In spite of what one contributor at IMDb writes (“Anil Kapoor seems to be getting too old to act in lead roles”), I think this is the best role I’ve seen him in so far. I found him concentrated, vibrant with energy, and focussed on his character. I can feel the director behind him, but nevertheless he definitely deserves praise. I remember him in Taal, where he played that ludicrous DJ who steals the show away from lukewarm Akshaye, and in some of Satish Kaushik’s films where he was less convincing. Next to him, there’s this devil of an actor, aforementioned Satish Kaushik, who’s real fine, and together with Sayaji Shinde, they form a great evil pair. Kaushik’s ominous gesture of slowly taking off his glasses when in trouble is one of the best tricks in the film. We can then see his little eyes in all their intensity, and the fact that he plays the villain so well here, when he’s so often cast as a buffoon underlines his talent.
The women are less centre stage, especially Manisha Koirala, a little underused. Pity, because her role wasn’t too far from that in Dil se, and Sudhir Mishra could have given her more to chew on.
But we have a great comedy-oriented first part with queen Rani, perhaps even too much. If you’re a fan like me, you’ll enjoy her pranks tremendously, but I can understand that sometimes, it’s nearly a commercial pretext. And then there’s the writer sub-plot (Reema is writing a novel in that Calcutta flat, and slowly merging Avinash in it), which doesn’t really add much to the film in terms of meaning. Because of such additions (and here I include the songs, that are nice, but really too KKHH-like for the film’s own good. I mean, the first one is actually shot in Salzburg!!), Calcutta mail’s overall effect is overshadowed by its commercial dimension. I was going to say, its Hollywoodian dimension. You know, that family-thriller type of film, where the emotionality of family ties are used to bring intensity to a political or social story.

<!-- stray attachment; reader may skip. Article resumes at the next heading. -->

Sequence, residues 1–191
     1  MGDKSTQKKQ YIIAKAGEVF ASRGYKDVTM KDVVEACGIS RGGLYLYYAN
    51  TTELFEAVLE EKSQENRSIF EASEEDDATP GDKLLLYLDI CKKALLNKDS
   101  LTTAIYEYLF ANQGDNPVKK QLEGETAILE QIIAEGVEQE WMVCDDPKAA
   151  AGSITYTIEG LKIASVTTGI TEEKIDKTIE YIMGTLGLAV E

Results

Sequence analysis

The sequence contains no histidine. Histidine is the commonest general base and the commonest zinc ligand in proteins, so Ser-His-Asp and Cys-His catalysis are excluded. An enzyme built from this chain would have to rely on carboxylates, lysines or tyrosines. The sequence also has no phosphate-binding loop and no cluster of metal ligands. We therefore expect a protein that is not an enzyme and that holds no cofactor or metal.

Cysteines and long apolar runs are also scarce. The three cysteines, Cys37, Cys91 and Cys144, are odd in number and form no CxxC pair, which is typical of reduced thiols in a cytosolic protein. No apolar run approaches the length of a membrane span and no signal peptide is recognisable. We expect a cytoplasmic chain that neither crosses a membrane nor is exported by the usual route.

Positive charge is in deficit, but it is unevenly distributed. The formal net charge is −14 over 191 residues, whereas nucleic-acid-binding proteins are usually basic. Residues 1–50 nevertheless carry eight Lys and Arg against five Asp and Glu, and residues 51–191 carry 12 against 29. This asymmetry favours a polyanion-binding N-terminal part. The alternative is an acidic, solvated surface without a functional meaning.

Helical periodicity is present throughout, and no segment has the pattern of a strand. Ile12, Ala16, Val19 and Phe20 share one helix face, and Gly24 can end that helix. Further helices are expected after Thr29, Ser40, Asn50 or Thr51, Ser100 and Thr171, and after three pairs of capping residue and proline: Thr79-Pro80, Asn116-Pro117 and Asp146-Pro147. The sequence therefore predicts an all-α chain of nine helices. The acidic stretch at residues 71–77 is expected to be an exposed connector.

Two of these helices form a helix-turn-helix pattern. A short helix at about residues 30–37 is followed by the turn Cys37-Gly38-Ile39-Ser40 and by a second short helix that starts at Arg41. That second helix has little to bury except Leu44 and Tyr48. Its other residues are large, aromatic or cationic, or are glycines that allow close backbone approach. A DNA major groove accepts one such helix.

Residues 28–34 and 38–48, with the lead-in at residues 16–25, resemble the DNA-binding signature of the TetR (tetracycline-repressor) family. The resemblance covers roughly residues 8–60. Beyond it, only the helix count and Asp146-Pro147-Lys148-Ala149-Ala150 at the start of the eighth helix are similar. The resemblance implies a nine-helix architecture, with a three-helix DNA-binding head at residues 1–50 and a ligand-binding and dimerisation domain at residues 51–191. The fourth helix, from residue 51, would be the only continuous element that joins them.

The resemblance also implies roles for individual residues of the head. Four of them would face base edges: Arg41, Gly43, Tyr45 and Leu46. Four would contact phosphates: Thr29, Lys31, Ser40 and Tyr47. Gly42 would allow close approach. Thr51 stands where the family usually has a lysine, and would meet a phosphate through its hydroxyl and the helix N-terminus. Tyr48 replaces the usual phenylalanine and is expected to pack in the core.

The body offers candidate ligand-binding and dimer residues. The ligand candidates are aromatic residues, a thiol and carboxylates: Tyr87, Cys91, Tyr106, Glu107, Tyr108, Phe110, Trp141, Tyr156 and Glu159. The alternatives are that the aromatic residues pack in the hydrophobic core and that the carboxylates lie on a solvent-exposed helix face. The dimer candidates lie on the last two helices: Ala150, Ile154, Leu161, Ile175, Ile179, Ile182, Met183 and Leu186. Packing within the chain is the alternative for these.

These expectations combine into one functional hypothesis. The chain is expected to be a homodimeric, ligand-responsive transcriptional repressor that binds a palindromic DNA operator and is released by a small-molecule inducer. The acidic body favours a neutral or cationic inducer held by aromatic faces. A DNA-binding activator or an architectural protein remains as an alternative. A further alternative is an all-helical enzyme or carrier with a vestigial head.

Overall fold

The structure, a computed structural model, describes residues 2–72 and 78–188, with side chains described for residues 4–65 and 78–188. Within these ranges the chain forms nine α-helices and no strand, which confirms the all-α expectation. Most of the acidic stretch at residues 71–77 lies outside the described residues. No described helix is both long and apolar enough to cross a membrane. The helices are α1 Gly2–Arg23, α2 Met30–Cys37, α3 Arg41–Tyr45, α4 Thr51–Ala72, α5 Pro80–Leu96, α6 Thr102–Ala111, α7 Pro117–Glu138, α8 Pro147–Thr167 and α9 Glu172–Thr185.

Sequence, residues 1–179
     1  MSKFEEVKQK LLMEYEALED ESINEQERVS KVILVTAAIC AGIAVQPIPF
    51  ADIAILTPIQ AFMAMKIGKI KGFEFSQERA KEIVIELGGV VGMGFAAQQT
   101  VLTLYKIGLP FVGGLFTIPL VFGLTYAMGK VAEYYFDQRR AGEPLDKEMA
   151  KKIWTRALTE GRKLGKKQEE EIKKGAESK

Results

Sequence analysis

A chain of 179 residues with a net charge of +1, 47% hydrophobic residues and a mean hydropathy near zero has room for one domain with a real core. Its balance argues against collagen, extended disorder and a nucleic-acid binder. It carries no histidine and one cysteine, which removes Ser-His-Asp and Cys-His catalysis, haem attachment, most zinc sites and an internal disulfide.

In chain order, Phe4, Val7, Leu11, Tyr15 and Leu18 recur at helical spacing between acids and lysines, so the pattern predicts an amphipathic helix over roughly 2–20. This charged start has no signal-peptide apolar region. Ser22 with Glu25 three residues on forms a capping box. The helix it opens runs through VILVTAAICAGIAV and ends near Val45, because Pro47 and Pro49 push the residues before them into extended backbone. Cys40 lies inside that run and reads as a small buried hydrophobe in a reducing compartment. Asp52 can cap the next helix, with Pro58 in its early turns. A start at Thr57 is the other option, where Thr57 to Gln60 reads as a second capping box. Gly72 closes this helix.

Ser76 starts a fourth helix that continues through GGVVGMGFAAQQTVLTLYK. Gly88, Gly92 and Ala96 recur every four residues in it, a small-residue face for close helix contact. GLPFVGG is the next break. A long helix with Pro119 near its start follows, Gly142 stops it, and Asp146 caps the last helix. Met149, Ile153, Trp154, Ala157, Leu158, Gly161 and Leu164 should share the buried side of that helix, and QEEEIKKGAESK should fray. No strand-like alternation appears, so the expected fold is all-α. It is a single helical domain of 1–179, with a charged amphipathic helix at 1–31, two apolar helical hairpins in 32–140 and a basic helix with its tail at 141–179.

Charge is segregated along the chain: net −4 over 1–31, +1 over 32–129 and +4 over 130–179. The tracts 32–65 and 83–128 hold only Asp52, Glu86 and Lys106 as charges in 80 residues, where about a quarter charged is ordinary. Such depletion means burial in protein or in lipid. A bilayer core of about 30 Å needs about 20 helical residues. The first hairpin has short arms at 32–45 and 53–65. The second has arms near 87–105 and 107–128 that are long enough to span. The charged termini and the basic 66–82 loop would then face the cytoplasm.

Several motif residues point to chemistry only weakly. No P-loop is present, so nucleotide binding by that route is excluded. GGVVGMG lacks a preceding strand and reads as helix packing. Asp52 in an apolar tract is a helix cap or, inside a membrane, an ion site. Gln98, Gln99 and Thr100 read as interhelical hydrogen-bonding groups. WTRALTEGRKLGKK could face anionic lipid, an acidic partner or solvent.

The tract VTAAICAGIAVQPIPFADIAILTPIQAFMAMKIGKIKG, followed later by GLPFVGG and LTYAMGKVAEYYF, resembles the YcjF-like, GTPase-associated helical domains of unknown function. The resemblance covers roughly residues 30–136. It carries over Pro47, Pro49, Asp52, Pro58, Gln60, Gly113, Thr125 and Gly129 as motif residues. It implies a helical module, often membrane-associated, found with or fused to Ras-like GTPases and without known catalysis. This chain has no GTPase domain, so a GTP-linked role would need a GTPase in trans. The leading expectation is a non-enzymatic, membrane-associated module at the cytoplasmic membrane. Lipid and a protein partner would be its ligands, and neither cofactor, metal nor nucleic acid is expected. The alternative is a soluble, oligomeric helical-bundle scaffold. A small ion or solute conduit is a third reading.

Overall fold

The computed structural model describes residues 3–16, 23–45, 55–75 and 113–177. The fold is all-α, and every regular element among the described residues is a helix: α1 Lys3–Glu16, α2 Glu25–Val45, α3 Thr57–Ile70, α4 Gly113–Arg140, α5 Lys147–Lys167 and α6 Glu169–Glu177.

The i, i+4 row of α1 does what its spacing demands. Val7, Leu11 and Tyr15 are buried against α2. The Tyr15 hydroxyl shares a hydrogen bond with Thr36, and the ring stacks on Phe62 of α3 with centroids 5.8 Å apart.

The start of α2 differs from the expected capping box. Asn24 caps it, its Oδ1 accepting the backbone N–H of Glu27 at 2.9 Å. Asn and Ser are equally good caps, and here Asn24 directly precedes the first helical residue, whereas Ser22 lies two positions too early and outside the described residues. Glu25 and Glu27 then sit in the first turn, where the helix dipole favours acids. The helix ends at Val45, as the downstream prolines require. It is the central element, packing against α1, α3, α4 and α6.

Be that as it may, the film’s purpose is still saved for me because of Mishra’s exploration of the power of urban forces on individuals. If individuals have the proper protections (Reema’s bourgeois household and money), they can evade the violence and the pressure of the city. They can even pretend this violence doesn’t exist for them. They will always have something to fall back on (that’s why it would have made more social sense to condemn Reema’s experiment, instead of Bollywoodising it). But for the lower middle-classes to which Avinash belongs, there normally are no such protections. He has to fight with all his might if he wants to get his rights. And yet the film is not as socially or politically pure as it could have been (see Dharavi, or Main zinda hoon for that). Avinash manages to escape and beat the underworld in a far too unrealistic way! Still, he beats it a cost and this cost, together with Anil Kapoor’s energy and commitment create enough coherence for Mishra’s aficionado to feel grateful.
(Above is a very creative scene: while in hiding in Calcutta, Sujan's conman is taking a dance lesson! Will such civilising efforts elevate him away from savagery?)
And below is a picture of Rani Mukherjee taken as a subject for M. Mishra's camera.